We know- it sounds like a lot of technical work. Work that you might not have the time or resources to do at the moment. If you’re not quite sure how to venture out on your own in the world of social media promotion, Commonplace will always be here to help.


How Commonplace builds paid social media campaigns

To show you how we can promote your project through social media promotion, let’s show you an example of our customers’ ads and how that strengthened their engagements.

LLDC Social Promotion

We created an engagement website for the London Legacy Development Corporation (LLDC) so local people could have their say on the future of Stratford Station. The train and bus stations are some of the most used in the whole of the UK and have been essential to the success of the town centre. However, increasing numbers of people are using the stations and many residents feel as if they haven’t benefited from any changes to the station. Newham Council has been working in partnership with LLDC to make changes the locals need, so to get as many relevant voices in this conversation as possible, social media promotion was used to direct people to the engagement website.

Throughout the social promotion campaign, Commonplace monitored the conversion rate and impressions towards LLDCs site by using a range of assets produced by our internal specialists. The use of geospatial targeting within the Newham Borough allowed an engagement of over 65,000 impressions on the campaign and 1,933 landing page views!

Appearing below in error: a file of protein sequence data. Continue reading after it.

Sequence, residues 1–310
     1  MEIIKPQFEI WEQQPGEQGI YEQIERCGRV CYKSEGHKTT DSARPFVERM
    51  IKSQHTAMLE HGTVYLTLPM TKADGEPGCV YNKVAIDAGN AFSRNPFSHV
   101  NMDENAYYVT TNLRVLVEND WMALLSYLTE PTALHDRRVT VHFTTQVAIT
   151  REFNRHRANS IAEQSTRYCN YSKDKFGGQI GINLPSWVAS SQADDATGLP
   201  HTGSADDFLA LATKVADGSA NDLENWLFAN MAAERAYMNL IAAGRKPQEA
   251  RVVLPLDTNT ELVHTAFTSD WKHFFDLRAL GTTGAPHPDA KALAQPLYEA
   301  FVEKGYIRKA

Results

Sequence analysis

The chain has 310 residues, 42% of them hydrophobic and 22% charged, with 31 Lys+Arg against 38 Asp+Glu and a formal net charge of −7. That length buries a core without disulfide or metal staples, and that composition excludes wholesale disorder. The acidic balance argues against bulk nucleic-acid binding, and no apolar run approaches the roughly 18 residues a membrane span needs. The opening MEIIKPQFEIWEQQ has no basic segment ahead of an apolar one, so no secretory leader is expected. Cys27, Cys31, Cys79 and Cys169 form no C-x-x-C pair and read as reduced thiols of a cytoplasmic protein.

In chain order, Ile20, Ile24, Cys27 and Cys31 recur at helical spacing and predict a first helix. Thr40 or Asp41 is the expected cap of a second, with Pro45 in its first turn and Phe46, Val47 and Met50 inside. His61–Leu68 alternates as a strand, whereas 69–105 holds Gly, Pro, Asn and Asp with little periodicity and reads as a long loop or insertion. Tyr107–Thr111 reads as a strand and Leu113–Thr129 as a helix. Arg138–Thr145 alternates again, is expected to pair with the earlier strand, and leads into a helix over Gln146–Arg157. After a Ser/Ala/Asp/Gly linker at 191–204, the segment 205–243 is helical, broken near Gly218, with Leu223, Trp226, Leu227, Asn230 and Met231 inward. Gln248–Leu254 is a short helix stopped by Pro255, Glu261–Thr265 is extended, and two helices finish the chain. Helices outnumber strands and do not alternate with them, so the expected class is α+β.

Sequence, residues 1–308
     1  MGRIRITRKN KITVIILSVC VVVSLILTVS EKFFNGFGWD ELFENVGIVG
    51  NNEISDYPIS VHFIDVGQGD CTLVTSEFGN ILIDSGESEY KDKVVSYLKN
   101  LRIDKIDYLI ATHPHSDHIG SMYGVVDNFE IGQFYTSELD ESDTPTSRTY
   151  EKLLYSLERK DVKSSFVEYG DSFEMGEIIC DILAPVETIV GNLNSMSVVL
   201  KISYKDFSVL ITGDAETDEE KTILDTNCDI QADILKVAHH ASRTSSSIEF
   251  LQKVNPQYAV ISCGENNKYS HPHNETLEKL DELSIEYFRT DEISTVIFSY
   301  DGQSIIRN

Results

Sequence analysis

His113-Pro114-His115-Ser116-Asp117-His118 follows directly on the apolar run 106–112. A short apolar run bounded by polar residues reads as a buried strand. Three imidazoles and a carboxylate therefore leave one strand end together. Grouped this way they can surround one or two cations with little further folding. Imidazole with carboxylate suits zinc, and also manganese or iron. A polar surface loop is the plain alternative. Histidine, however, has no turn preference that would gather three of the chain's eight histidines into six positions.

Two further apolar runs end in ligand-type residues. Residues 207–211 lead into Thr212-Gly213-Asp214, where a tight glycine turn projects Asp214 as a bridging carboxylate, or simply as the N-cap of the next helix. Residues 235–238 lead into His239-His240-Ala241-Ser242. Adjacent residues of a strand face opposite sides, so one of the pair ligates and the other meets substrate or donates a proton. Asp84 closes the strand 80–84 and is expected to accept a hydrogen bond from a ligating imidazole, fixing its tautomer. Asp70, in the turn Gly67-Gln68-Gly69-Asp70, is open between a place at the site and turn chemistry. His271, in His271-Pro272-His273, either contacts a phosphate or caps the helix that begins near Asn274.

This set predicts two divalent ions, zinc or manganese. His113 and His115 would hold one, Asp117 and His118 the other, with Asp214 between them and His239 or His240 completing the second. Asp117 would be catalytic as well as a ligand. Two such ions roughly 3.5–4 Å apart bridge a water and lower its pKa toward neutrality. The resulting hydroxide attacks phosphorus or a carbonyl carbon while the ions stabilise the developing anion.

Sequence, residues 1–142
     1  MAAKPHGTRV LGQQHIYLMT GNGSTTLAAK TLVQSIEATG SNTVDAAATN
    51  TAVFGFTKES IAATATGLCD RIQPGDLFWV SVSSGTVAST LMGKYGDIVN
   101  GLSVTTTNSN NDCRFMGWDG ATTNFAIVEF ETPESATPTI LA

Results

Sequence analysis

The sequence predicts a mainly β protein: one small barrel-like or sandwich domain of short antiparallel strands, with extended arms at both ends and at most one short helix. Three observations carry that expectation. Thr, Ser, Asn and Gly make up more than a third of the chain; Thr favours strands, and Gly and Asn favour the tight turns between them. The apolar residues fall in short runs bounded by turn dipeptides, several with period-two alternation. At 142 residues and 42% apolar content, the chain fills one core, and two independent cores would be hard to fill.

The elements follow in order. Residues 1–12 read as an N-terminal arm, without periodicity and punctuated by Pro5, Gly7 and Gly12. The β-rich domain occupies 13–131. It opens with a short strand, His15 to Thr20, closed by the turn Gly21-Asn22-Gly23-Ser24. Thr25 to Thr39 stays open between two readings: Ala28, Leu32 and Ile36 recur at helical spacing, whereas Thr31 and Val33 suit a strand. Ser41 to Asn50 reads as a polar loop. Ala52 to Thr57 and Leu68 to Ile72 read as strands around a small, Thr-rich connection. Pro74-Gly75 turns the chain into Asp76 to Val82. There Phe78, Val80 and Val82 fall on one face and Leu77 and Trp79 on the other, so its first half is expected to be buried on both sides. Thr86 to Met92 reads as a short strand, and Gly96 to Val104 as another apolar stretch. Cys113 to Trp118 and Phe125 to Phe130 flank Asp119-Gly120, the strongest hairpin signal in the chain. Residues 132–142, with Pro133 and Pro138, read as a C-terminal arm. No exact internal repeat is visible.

LLDC social promotion

Following this, Commonplace deep-dived into the demographic data of the respondents to make sure that the data collected was a reflection of the demographic Office for National Statistics (ONS ) data of London Borough of Newham in terms of age, gender and ethnicity. In the end (and thanks to close monitoring!) the social promotion was able to bring in 335,586 impressions with the final phase averaging 22 contributions a week. 

Newhaven social promotion

Community engagement social promotion

Now let’s look at Your Newhaven. This engagement website was created so locals can see and comment on all planned projects like their safer spaces scheme, improvements along the West Quay Riverside Walk and understanding the social problems of wellbeing within the area. 

A full marketing strategy was produced by the Council and Commonplace, to get as much traffic to the website which included the use of animated films, interviews, print posters with QR codes, physical touch-points and, of course, paid social promotion. A goal here was to get as many young people as possible to contribute, so the social aspect of this was crucial.

In the first half of the social promotion campaign, we reached over 18,500 people in the Newhaven area, generating over 2,800 unique visitors. Following this, social media referrals became the most popular source of traffic for the website with it responsible for over 60% of traffic and 50% respondents. Plus, Of the 3600 visitors from social channels, 75% came from our paid campaign. And of the 260 respondents from the website, 57% came from our paid campaign.

And that’s the lowdown on social media promotion for community engagement! We’ve helped a number of planners create campaigns to boost their traffic and we’re here to help you too. Just click below to get started

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Lauryn Brown

Lauryn Brown

Outreach Lead at Commonplace